Water storage in Gerber Seal N Go pouches. Made for Breast milk, they seal well and are sturdy. Ever tried to carry a condom full of water?

Magnifying glass that I use is a Fresnel lens from Walgreens. Same size and thickness as a credit card for less than $3. Mine lasted over three years before it got brittle and broke. The "OWL" is a better choice if you have room but it is $10.

Cord is always great to have. I use waxed non flavored dental floss. Safe for sutures, great for sewing and adequate for fishing. 100 Ft will fit on a sewing bobbin.

Trick birthday candles that don't blow out are cheap and work well. Wrap them in foil or plastic wrap so they don't melt.

Thanks for listening.

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Make your own survival kit

by Cdt George 'GG' Gasston
(Bristol, England, United kingdom)

My tip is - make it yourself! I just made it because of Cadets and cost me about 20p for the matches, the rest of it I had around the house. A sheath for matches, coat the matches in animal fat wax, water proof and a food source! My matches stored in a green tobacco tin and is always kept in my webbing by my side.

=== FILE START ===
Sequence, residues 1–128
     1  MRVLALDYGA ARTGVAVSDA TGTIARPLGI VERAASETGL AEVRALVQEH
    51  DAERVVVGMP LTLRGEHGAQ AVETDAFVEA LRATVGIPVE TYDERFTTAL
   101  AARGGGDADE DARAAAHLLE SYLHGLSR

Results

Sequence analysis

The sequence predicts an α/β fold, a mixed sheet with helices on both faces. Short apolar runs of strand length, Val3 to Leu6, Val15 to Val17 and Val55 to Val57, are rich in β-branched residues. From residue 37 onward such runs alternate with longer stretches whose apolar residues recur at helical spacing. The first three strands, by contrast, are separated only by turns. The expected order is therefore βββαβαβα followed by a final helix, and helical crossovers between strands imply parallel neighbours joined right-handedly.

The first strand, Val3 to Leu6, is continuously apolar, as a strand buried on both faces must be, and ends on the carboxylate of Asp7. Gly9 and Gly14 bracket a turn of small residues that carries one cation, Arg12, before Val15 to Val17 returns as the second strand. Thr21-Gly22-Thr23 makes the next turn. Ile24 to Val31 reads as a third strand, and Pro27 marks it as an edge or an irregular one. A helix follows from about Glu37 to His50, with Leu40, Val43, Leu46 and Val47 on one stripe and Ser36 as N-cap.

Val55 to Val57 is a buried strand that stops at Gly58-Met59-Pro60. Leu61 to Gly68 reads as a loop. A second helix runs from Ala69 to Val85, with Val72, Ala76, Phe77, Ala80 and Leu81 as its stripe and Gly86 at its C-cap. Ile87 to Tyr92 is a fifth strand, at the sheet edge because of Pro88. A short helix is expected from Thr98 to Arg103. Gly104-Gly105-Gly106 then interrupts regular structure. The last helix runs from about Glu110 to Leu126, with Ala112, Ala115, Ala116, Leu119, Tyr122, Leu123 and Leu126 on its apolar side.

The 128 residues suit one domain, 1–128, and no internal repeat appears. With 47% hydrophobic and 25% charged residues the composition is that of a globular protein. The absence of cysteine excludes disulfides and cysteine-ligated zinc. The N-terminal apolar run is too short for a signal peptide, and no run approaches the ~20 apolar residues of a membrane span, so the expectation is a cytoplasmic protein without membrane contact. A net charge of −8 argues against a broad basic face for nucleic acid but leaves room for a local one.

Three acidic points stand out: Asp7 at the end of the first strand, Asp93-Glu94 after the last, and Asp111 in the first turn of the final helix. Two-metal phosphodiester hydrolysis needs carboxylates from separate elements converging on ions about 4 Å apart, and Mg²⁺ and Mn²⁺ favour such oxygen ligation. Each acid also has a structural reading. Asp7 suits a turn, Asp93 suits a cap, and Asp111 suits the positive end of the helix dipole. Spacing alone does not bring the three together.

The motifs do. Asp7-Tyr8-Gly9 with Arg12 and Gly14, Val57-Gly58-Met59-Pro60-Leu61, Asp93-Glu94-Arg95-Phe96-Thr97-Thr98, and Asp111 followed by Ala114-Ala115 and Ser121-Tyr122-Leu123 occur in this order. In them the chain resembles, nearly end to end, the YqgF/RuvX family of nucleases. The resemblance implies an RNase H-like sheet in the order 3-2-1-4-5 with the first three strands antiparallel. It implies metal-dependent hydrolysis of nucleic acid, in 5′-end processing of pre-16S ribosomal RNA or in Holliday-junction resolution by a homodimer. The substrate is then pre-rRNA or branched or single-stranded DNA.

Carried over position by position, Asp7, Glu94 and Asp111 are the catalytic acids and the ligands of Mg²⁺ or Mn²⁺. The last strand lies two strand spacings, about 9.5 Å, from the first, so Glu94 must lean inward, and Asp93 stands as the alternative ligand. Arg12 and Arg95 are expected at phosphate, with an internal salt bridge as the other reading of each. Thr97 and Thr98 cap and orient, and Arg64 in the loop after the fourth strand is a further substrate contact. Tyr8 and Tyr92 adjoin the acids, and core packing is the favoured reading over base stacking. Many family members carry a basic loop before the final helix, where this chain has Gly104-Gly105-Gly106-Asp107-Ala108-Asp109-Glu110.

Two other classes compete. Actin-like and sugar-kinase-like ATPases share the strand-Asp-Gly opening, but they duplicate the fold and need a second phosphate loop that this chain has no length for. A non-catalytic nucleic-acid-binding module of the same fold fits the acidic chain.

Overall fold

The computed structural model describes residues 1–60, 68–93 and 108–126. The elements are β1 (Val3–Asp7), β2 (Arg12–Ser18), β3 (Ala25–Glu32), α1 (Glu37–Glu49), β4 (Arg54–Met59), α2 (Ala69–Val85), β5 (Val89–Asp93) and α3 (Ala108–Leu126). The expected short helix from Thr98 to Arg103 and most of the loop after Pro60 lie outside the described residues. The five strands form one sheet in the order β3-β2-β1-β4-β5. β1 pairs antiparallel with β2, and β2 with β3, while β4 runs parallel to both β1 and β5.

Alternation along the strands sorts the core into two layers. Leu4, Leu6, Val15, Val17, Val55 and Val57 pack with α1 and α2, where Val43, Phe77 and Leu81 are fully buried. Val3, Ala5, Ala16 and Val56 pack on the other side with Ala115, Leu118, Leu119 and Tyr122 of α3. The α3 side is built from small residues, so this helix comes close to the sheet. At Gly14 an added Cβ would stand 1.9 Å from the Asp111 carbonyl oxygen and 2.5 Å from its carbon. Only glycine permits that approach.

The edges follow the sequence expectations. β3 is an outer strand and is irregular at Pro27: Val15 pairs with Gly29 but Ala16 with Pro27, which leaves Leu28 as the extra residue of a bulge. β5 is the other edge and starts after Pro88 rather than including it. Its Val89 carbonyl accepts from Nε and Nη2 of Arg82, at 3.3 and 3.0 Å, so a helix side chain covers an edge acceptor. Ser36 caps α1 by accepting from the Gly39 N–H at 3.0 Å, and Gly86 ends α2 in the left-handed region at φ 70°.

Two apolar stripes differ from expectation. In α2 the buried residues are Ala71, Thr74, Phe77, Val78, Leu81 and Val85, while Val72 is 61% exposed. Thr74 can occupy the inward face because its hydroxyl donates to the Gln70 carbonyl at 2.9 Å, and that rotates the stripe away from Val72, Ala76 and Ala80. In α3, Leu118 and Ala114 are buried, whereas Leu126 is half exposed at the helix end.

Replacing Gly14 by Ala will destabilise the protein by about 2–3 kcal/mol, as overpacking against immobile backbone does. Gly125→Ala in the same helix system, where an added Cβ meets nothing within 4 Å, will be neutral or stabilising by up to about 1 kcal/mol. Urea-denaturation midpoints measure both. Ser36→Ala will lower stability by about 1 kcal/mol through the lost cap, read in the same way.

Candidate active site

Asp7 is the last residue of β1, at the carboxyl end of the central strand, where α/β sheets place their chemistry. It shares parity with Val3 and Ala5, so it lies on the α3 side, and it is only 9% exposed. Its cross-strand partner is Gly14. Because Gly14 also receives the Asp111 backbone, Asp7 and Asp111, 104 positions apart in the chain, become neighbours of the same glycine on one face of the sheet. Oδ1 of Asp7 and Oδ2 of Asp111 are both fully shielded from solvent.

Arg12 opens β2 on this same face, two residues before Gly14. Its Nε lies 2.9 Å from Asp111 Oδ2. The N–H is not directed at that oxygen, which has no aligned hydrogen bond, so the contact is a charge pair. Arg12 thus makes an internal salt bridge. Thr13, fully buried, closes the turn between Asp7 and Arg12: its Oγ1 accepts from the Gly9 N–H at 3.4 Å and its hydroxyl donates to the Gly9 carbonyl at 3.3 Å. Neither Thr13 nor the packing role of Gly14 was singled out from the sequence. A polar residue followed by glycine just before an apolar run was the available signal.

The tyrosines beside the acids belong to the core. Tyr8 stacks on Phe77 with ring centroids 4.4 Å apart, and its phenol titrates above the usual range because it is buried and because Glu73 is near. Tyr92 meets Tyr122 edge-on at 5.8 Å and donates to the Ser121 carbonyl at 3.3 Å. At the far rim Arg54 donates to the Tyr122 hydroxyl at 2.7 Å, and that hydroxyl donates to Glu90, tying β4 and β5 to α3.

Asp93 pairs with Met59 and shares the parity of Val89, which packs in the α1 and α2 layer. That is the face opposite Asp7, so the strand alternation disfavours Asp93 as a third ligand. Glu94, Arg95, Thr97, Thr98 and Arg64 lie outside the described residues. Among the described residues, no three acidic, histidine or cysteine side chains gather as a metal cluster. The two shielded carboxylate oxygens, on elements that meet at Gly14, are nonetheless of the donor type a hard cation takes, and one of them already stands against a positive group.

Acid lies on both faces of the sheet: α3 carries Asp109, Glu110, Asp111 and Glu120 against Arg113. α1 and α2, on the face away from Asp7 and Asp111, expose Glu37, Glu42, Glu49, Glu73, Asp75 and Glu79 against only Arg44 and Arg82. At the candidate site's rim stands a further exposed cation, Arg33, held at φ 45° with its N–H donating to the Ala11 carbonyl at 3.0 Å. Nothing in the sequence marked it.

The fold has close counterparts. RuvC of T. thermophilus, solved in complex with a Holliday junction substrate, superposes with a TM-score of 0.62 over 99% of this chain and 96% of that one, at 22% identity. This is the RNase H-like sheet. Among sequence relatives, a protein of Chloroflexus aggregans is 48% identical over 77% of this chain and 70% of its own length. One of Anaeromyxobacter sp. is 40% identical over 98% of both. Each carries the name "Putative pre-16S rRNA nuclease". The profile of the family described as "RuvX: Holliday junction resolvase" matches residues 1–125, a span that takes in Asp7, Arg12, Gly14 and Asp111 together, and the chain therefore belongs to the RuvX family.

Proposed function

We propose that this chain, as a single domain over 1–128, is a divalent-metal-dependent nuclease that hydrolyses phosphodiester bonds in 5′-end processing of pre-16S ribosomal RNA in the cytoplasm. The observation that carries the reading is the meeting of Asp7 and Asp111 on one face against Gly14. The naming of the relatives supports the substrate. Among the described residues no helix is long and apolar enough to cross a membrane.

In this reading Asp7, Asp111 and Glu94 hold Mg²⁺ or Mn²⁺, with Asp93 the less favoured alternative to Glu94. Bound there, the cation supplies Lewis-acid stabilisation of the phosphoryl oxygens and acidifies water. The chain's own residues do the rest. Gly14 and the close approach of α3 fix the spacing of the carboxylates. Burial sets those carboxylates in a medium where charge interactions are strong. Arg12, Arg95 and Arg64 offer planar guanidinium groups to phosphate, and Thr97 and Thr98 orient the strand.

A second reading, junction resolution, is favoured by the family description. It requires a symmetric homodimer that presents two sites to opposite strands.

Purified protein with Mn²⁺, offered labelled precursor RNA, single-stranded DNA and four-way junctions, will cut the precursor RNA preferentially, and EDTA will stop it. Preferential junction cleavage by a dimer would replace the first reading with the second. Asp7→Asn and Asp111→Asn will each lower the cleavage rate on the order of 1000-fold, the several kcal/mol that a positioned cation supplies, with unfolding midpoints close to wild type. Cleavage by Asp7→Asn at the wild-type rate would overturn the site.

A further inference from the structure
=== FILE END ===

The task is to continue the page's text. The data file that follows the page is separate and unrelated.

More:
As a bonus, attach a fixed blade the length of your container because small blades are rubbish in the wilderness (unless if it is attached to a stick to form a spear!)

G

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Nalgene bottle survival kit

by B C
(Phoenix)

A better container...

A better container...



I used a wide mouth Nalgene bottle - it holds more goodies and can double up as a water holder. On the outside, I wrap duct tape, and all my snare wires and 550 cord.